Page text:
When it gets this quiet I like to shut my eyes and pretend. A long time ago, I learned that if I closed my eyes tightly enough and clamped my hands on top, I would see things: little dots at first, then lines, then spirals, just light and dark at first but later colored like a screen saver on my Amiga. Now I understand what the pressure does to my eyes and I know the cold scientific facts behind the phenomenon. But somehow (the tired cliche unexpectedly comes true) the magic is gone; when I try to duplicate the effect, all I see are vague blobs, outlines of a giant spider or a star of David or maybe the telling double helix of deoxyribonucleic acid.

It is cold, but not unpleasant. I think the chill permeates my mind, slows down my thoughts and allows for novel introspections. Outside, the snow has stopped falling from the sky and rests in uniform distribution on the ground, the garage, and the pine trees. The moon is dimmer than it used to be, but a little light penetrates the atmosphere and bounces off the fresh snow. I empathize with the snowflakes, which for the first time in their journey from ice-cold cloud to crystallized descending precipitate are left alone to reflect.

Last night I took out the Christmas trash. Twenty big black contractor bags summed up the excess waste of our house renovations, our modest Christmas dinner, and our abundant Christmas toys. The heaviest of these contained every National Geographic published since 1967, found in the attic when we moved in, relegated to a top shelf, and discarded for lack of any less destructive recourse. The lightest bag simply contained an assortment of boxes in which distant relatives had enclosed packages; out of a George Foreman Grill box, to our surprise, we had extracted presents which were most certainly not George Foreman Grills. Santa Claus himself contributed to the pile; he brought small toys in large cardboard containers, apparently unaware of the environmental consequences of his choices. However, I owe him a certain debt of gratitude for my continued fitness; about three hundred feet separate the end of the driveway from the side of the house where our trash festers during the week, and so I spent a solid hour exercising my muscles hauling garbage.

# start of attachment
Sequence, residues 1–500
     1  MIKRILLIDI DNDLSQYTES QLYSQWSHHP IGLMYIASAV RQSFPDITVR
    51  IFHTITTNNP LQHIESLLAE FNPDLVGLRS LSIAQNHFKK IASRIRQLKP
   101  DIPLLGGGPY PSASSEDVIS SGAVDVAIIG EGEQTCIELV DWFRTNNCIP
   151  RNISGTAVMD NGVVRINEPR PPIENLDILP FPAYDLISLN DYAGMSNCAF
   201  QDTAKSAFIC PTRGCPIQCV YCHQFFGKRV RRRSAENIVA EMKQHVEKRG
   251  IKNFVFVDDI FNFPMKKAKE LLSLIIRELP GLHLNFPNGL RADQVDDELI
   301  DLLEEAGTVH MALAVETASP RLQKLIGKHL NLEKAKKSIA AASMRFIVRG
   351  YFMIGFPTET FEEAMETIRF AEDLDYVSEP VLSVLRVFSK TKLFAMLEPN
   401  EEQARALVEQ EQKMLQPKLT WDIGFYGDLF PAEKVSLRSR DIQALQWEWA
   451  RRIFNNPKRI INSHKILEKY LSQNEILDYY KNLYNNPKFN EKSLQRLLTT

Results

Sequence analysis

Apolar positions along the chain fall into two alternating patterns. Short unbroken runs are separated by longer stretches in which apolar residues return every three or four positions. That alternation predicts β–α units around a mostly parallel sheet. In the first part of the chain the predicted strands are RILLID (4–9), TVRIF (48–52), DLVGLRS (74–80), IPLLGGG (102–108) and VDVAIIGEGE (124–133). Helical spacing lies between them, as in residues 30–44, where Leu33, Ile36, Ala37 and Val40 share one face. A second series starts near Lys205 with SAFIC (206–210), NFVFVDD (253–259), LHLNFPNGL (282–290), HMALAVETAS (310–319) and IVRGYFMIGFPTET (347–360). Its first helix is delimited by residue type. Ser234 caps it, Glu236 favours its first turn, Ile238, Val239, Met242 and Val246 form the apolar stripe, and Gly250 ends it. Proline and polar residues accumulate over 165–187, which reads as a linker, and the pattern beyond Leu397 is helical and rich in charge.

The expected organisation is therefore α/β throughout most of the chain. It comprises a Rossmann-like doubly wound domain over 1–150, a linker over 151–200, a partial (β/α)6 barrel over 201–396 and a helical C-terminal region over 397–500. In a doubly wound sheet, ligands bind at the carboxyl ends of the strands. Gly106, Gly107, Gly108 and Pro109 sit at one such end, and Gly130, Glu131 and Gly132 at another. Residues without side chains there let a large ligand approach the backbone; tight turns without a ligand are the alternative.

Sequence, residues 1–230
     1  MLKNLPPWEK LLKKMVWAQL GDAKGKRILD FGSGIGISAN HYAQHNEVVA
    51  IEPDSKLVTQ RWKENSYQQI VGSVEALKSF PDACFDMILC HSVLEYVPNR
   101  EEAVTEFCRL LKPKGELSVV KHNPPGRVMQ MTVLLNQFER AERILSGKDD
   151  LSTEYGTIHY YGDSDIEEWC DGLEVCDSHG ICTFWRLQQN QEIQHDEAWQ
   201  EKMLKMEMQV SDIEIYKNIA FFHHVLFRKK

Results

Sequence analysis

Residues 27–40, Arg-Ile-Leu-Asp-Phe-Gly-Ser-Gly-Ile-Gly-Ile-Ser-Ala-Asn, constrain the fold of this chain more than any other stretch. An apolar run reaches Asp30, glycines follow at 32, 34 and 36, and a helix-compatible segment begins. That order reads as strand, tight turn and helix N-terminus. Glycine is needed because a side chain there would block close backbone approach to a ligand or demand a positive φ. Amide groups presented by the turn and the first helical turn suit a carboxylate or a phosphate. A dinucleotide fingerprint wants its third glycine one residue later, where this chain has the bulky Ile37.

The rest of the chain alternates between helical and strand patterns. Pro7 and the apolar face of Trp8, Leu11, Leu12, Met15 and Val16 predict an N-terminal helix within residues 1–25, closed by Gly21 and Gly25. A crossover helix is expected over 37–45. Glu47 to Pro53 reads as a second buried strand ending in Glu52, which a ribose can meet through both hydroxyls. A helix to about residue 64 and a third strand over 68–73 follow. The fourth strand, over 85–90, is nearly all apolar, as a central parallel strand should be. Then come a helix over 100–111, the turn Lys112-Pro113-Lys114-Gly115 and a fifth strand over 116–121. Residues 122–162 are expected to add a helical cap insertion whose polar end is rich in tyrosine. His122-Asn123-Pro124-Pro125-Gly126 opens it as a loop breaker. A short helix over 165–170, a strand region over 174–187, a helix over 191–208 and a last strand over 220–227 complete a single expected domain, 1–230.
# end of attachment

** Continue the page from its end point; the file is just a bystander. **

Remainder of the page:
By the third or fourth trip, I had stopped looking at the street ahead; instead, I turned my eyes to the dimly lit house to my left. It is white, not small but cozy, two-story with an attached garage, and it is the perfect place for the couple that lives there. Steve built most of the furniture by hand, pouring his talent and love into the woodwork, carefully crafting the mantle and the trim for their entire living room. Their cat likes to run from the basement to the upstairs, though she is not quite as quick as she was in days gone by. Time takes its toll on everyone, and although Marian is losing her hearing, she still has plenty of space to practice violin. On the one occasion I've heard her play, her orchestra gave a phenomenal performance; their rendition of Rhapsody in Blue rendered me breathless.